The costs related to pregnancy and child birth can add up quickly. If you itemize deductions, the IRS allows you to deduct part of these costs.
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If you are pregnant, chances are that you visit your doctor and undergo various medical treatments more frequently. The cost of these visits and procedures can add up quickly, even if you have insurance that covers a portion of the bills. Any year you incur significant medical expenses that relate to your pregnancy, the IRS allows you to deduct a portion of the cost on your income taxes, but only if you are eligible to itemize deductions.
First trimester medical expenses
During your first trimester, most of your doctor visits relate to diagnosing your overall health rather than to receive treatment. Common diagnostics that your doctor will perform include assessing your medical history to determine any diseases or issues you may be prone to that can affect your pregnancy.
Most doctors will also have you undergo a general physical examination, monitor your weight and perform general blood tests and urine analysis. Even though these are considered diagnostic, the IRS allows you to deduct their costs since it can prevent a physical defect or illness for both you and your baby.
Second trimester medical expenses
As you move into the second trimester of your pregnancy, your doctor can begin assessing the health of your baby too. At this stage, many of your visits will include an ultrasound that helps to detect any health issues with your baby’s development.
You will likely undergo various tests to detect any potential birth defects such as serum screening and amniocentesis, both of which are effective at detecting Down syndrome. These expenses are also deductible even though they are preventative in nature and relate to your baby as well as yourself.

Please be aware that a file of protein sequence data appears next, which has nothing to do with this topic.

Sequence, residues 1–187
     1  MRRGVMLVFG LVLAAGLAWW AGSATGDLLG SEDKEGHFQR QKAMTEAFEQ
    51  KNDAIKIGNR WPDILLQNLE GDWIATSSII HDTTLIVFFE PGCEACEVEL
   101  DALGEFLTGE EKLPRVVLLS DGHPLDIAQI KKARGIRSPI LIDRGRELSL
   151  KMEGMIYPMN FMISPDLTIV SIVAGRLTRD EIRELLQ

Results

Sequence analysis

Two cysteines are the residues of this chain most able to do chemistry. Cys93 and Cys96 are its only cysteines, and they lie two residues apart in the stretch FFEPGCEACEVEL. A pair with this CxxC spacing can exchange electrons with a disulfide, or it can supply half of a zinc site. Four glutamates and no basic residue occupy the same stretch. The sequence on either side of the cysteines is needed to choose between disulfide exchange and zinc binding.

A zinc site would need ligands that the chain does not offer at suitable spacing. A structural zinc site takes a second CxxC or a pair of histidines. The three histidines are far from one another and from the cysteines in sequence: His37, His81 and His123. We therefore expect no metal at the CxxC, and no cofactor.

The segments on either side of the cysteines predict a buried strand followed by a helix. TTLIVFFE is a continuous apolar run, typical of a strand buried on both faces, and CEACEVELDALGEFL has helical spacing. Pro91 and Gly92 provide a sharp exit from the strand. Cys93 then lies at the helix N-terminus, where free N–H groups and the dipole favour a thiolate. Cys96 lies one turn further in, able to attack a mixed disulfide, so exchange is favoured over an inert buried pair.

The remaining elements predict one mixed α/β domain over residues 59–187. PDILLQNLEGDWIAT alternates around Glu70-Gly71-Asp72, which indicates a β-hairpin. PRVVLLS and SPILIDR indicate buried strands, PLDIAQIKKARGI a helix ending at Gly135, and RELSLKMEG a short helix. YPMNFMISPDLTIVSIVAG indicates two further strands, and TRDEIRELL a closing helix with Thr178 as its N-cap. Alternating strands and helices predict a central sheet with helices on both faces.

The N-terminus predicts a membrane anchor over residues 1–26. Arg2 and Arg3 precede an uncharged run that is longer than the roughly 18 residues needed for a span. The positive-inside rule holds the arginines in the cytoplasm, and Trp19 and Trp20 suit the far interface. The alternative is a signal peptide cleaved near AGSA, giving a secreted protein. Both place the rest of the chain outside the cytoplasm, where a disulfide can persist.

Third trimester medical expenses
The frequency and cost of your doctor visits will increase significantly during the third trimester of pregnancy up until you give birth to your newest family member. Generally, physicians require you to come in for an examination once per week to monitor your progress and ensure you and the baby remain healthy.
You may incur the largest medical expense when you actually go into labor since you have to pay for the hospital stay, any medications you are given, surgeries such as a cesarean section if necessary and even pain medication during labor such as an epidural. As you may expect, these are all legitimate medical expenses for which you can claim a deduction.
Claiming your pregnancy medical expenses
When it comes time to prepare your federal income tax return, you should gather all of your receipts for every doctor visit, hospital stay, medication purchase and even the health insurance premiums you pay. Total all of these items and subtract an amount equal to 10 percent of your adjusted gross income from it. Only what’s left is deductible as an itemized deduction.
There is a temporary exemption from Jan. 1, 2013 to Dec. 31, 2016 for individuals age 65 and older and their spouses. If you or your spouse are 65 years or older or turned 65 during the tax year you are allowed to deduct unreimbursed medical care expenses that exceed 7.5% of your adjusted gross income. The threshold remains at 7.5% of AGI for those taxpayers until Dec. 31, 2016.
TurboTax can help you with determine how much, if any, of your medical expenses are deductible, and will fill in all the right forms to claim the deduction.